We next met Lieutenant Steve Anjewierden, a lanky young officer perfectly dressed in full uniform. My first impression was that he was no more than twenty-five years old but I soon realized that though he was a little older he was one of those few men who will still look boyish at sixty. He is responsible for the Salt Lake Area Gang Project. His PowerPoint presentation took us through the hierarchy of the gang organizations, the historical and geographical basis for their development, such as the Sureños and the Norteños, their preferred symbolism and its origins. By the end of it I had gained the ability to read gang graffiti and more importantly a better, general grasp of the scale and complexity of the problem. For example, the drug cartels in northern Mexico have mobilized the gangs as the indirect distribution channel for their drugs. The gangs are transnational, although they are often locally inflected. Managing the problem requires a comprehensive strategy including enforcement, educational programs for “at risk” kids, and other cultural opportunities that give prospective gang members viable alternatives for self definition and the sense of community that comes from joining a gang. Lieutenant Anjewierden actively works to drive all aspects forward. Though he didn’t express it, it’s more than apparent that in some of those areas there’s insufficient support and understanding among the county’s citizens.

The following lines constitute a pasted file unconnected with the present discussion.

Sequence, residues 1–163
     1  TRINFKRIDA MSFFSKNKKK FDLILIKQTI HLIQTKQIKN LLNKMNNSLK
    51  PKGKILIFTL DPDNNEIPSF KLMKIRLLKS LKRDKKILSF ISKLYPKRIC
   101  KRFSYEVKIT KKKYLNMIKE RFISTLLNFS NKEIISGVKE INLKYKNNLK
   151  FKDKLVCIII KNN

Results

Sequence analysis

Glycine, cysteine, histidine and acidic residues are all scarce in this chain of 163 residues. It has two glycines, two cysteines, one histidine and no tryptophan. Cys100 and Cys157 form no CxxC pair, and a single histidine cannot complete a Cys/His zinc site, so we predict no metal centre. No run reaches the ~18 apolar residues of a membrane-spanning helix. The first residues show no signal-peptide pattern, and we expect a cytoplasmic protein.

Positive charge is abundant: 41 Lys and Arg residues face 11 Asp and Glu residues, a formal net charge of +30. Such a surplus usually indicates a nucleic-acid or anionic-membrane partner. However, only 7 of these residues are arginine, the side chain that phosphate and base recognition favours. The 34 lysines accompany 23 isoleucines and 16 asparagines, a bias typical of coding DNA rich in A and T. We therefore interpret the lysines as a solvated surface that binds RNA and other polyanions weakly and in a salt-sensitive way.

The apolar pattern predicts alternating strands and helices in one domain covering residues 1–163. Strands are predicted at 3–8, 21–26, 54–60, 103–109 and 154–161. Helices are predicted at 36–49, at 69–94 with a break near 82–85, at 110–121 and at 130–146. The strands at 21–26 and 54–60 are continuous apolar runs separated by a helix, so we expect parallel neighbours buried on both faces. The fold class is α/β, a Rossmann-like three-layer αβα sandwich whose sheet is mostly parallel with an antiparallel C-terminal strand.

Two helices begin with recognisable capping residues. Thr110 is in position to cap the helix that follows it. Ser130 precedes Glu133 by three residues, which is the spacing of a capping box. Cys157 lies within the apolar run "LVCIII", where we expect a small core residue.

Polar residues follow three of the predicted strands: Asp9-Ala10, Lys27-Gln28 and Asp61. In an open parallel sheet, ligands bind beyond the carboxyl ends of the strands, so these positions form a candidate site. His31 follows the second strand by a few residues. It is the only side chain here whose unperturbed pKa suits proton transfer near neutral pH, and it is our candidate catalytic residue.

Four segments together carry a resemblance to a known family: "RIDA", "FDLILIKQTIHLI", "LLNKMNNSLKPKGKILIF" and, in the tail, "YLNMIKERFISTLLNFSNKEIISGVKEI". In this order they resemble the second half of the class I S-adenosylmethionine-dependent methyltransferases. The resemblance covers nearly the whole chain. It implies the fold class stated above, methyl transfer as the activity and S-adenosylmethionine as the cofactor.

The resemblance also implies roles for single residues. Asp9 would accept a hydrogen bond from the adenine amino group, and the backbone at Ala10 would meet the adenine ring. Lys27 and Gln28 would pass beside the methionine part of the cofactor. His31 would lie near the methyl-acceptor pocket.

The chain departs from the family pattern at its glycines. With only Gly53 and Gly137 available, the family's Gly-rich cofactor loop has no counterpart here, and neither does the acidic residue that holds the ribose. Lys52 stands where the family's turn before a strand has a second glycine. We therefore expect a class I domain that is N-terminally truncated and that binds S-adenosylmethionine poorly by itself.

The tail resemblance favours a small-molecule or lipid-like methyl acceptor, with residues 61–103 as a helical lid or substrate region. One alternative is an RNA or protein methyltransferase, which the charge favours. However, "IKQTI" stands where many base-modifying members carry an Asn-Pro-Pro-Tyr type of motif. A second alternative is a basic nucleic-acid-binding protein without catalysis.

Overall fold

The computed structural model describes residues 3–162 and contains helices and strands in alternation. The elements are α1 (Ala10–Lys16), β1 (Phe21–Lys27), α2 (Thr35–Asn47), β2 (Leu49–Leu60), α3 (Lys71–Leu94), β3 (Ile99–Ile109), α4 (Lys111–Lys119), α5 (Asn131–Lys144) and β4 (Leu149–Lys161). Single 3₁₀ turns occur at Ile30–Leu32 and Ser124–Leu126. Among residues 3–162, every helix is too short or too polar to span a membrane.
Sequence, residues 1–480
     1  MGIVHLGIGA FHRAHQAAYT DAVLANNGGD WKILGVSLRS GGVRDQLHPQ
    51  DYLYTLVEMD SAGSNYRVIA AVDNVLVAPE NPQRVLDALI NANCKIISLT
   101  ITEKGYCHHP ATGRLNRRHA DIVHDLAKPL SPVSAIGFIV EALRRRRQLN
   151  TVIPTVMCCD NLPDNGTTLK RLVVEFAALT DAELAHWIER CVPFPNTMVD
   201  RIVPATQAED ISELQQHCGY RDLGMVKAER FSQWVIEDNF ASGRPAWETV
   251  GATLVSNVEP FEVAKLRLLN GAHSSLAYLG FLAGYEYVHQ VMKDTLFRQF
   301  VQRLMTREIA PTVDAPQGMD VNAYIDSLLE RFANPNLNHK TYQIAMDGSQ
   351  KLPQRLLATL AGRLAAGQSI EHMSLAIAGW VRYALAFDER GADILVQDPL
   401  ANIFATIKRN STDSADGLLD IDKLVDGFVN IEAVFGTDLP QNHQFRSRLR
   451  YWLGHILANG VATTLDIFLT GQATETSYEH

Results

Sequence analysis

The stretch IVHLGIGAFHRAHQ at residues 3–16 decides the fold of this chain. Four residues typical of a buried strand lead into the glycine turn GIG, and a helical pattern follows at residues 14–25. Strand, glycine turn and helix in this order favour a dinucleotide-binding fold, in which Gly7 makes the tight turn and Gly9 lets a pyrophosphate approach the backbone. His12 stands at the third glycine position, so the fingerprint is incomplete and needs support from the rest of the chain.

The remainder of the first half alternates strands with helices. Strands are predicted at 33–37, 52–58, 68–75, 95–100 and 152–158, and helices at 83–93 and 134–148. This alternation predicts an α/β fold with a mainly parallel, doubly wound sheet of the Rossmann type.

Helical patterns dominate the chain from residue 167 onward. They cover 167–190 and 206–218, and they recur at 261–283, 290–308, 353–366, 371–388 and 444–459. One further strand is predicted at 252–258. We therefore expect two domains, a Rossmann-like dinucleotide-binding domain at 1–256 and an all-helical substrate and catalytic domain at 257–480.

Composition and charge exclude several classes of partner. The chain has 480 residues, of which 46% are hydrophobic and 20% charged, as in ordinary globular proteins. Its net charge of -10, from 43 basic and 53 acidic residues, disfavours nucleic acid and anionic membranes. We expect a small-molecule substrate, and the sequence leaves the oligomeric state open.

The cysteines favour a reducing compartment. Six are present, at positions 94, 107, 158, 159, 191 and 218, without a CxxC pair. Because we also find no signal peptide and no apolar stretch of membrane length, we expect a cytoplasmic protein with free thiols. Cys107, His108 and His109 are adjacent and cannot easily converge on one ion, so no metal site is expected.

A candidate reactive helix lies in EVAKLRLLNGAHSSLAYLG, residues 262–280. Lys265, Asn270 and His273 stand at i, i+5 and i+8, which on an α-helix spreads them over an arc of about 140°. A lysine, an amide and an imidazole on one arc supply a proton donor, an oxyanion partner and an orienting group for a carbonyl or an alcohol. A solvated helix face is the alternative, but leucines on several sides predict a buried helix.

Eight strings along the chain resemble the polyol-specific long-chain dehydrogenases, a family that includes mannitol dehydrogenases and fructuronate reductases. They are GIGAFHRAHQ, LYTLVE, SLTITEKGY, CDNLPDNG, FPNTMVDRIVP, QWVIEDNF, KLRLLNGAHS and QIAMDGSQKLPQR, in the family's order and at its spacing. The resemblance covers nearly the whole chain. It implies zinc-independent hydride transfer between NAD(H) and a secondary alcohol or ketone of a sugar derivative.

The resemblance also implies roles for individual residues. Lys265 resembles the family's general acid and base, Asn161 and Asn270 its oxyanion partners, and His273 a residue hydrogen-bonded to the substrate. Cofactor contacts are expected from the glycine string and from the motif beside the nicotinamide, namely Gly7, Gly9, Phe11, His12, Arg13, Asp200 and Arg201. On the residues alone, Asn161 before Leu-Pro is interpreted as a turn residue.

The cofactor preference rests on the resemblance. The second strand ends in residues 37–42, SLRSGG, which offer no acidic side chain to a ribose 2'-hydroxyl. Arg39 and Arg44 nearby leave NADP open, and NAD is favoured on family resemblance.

Though I hadn’t anticipated it, much of what we were discussing and learning had important political consequences and our discussions often turned that way. None of the officers advertised their political affiliations and even now I wouldn’t want to guess which were democrats and which were republicans. What I did find was that nearly all of them, Lieutenant Anjewierden and Sheriff Winder in particular, often had surprising, incisive views that defied traditional political categorization and reflected deep and careful thought on those subjects.

Jodi joined the Sheriff, the Lieutenant and us for lunch at Café Med. My gyro plate was particularly tasty, the conversation was an interesting mix of the personal, professional and political and I learned a few interesting technical terms. For example, repeat offenders are sometimes called “frequent flyers.” I was both gratified and surprised that the Sheriff, given the scope of his responsibilities, was able to give us so much time.